NFL Draft | Miami Dolphins

Ezekiel Ansah lacks experience, but could have plenty of potential for Miami Dolphins


Former BYU pass-rusher Ezekiel Ansah has the kind of raw physical ability that gives him big upside, but he lacks experience.

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•  First round: 8 p.m. Thursday

•  Rds. 2-3: 6:30 p.m. Friday

•  Rds. 4-7: Noon Saturday


Former Ravens coach Brian Billick has a quote he often recites (particularly to underachieving players): “Son, your potential is going to get me fired.”

The irony is Billick’s fate in Baltimore was tied to Kyle Boller, who was drafted early on, yes, potential.

So with that backdrop, we present Ezekiel “Ziggy” Ansah — perhaps the most intriguing prospect in a draft that is star-deficient.

Ansah, a Ghanaian-born former basketball player, either could be the next coming of Lawrence Taylor or he could be a complete bust.

That’s what happens when you’re a 6-5 defensive end, run a 4.5-second 40-yard dash, can vertically jump nearly three feet — but only started playing organized football in 2010.

If he’s still on the board when the Dolphins pick at No. 12, Ansah could stir up some internal conflict for Jeff Ireland, as two of his bedrock philosophies could come into conflict.

Ireland likes to draft for need (Ansah would fill one), particularly at what he calls “core” positions (a pass-rushing end is on that list). But the Dolphins’ general manager also doesn’t like risks. Ireland historically prefers solid, established talents over raw prospects with great degrees of uncertainty.

And with Ansah, the upside is the moon. But what’s his floor?

At the beginning of the season, Ansah wasn’t on most draft boards. Seven months later, he could be the second player taken Thursday night.

“He’s enjoyed as meteoric a rise up the board as any player in my 35 years covering the draft,” said Mel Kiper Jr., ESPN’s draft expert.

Bill Polian — the longtime general manager-turned-ESPN analyst — said Ansah has “exceptional athletic ability and exceptional ability to turn speed into power.”

But can he play football?

Whichever team drafts Ansah will be doing so on faith, betting that his on-field performance will catch up to his limitless ability. In his three years of football at any level — played at BYU — Ansah has just 4 1/2 career sacks.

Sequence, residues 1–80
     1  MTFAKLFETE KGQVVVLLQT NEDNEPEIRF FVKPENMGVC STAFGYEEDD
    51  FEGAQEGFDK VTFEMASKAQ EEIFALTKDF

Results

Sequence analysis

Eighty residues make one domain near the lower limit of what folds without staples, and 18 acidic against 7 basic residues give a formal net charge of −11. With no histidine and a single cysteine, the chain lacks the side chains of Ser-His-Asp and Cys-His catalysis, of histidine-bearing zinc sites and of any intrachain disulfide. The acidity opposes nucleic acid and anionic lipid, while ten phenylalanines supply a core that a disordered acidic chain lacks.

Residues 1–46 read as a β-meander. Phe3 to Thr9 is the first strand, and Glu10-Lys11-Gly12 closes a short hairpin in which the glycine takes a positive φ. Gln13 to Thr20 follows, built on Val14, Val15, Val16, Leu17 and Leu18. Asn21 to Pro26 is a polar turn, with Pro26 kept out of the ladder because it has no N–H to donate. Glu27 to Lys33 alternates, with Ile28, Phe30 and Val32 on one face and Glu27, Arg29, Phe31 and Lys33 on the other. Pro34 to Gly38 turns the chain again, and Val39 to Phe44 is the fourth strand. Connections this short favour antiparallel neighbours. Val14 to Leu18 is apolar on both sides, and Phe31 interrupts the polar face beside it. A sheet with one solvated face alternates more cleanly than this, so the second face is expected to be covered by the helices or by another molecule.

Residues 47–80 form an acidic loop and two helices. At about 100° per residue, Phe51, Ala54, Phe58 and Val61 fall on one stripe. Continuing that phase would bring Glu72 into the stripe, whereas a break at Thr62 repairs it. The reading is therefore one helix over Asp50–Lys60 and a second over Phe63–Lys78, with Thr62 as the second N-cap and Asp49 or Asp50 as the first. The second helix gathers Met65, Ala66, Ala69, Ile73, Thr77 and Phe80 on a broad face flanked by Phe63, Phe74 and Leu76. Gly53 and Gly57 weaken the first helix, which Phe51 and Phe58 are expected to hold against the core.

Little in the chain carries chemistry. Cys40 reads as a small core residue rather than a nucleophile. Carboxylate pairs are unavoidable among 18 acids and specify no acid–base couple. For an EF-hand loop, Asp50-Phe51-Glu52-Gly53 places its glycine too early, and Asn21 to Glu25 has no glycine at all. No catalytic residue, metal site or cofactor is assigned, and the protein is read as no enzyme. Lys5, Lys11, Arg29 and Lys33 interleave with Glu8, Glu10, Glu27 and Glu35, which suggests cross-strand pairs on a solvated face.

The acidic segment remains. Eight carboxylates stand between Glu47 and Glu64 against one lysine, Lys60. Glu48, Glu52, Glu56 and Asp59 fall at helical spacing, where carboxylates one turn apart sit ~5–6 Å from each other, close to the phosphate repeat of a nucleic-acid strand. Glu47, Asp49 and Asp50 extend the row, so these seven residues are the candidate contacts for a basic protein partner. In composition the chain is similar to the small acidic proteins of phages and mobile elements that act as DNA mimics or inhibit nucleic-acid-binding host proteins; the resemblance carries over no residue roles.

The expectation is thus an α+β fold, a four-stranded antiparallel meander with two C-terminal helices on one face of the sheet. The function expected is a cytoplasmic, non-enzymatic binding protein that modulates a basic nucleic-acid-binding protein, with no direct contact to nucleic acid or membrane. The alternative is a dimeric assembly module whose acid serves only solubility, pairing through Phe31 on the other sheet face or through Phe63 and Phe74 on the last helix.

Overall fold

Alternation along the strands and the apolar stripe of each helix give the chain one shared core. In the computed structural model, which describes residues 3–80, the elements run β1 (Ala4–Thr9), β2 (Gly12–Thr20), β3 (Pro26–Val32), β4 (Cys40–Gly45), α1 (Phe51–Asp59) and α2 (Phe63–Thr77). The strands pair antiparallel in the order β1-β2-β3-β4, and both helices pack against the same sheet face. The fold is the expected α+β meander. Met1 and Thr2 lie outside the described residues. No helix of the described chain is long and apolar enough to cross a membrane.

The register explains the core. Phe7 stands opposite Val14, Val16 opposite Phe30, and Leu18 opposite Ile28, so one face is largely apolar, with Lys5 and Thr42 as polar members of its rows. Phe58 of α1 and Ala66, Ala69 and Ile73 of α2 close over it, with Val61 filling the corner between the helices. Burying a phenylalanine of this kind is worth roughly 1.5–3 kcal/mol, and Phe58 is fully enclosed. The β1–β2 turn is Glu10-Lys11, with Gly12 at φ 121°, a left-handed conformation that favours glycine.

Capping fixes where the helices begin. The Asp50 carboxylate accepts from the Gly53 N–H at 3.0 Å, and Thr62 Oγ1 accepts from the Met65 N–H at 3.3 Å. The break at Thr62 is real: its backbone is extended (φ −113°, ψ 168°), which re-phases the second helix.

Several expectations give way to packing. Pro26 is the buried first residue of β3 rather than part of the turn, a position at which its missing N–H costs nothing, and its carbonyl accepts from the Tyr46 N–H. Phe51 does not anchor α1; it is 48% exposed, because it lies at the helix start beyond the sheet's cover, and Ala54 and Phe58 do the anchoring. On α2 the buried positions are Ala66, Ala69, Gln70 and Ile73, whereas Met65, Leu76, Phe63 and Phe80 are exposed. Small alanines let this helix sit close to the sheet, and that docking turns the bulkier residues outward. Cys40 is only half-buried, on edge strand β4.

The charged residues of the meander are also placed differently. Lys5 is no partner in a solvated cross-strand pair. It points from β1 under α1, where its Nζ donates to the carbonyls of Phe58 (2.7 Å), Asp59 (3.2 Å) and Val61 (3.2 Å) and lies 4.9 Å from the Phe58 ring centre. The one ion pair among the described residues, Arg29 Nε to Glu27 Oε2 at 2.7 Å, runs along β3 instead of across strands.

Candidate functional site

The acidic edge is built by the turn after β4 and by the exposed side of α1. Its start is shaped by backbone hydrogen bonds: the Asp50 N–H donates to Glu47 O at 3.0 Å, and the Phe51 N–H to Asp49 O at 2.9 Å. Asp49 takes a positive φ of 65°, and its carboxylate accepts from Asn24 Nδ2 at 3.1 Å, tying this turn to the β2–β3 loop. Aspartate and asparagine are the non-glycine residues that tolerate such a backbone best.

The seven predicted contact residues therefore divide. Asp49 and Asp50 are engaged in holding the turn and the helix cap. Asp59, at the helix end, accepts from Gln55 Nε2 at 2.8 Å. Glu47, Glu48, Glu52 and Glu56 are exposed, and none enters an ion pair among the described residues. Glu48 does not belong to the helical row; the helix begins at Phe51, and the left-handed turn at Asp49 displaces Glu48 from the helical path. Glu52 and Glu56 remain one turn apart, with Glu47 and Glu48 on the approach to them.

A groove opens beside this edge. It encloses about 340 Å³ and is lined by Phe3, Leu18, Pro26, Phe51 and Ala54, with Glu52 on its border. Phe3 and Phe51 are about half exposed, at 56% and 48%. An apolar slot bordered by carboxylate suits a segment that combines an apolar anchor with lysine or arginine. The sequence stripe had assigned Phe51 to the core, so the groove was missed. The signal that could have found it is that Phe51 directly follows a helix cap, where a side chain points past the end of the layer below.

“In comparison to other people that are out there, and I have been playing only a few years. I still have a lot to do just to catch up to them,” Ansah said at the NFL Scouting Combine in February. “I’m going to put everything I got to do my best.”

The fact he’s even at this stage is remarkable. His past is the stuff of storybooks. Born in Accra, Ghana, in 1990, Ansah was one of five siblings. Dad is a retired petroleum sales manager; Mom is a nurse. Ansah played soccer and basketball growing up and became a Mormon as a teenager.

Missionaries visiting Africa were impressed by his athletic ability and encouraged him to play basketball at Brigham Young University — which he attended on an academic scholarship.

Culture shock? You could say that.

“It’s pretty much the same as here except it’s all Africans, black folks [there], and all white people in Utah,” Ansah joked.

At least he spoke the language. Ansah learned English before any other tongue, although he does speak some local African dialects. At BYU, he studied actuarial science.

His basketball career was stuck in neutral after two years, but he wanted to remain in sports. So he walked on to the football team — despite knowing next to nothing about the game. At first he considered playing tight end, but Cougars coaches saw him more suited as a pass rusher.

“It was frustrating in the beginning,” Ansah said. “I wasn’t treated like a starter. I wasn’t treated like Ziggy hasn’t played football at all. It was like … they were pushing me like I was playing football for 25 years. It was crazy. But it’s been easier now.”

After seeing the field on a part-time basis in 2010 and 2011, he was a force in 2012, even if his numbers don’t reflect it. Scouts marveled at his natural ability, likening him to the Giants’ Jason Pierre-Paul.

Still, he admits the learning curve is steep.

“I try to stay up late and watch NFL Network,” Ansah said. “I see some things. I have no idea who they are. This is going to be my life so I just try to suck it all in.”

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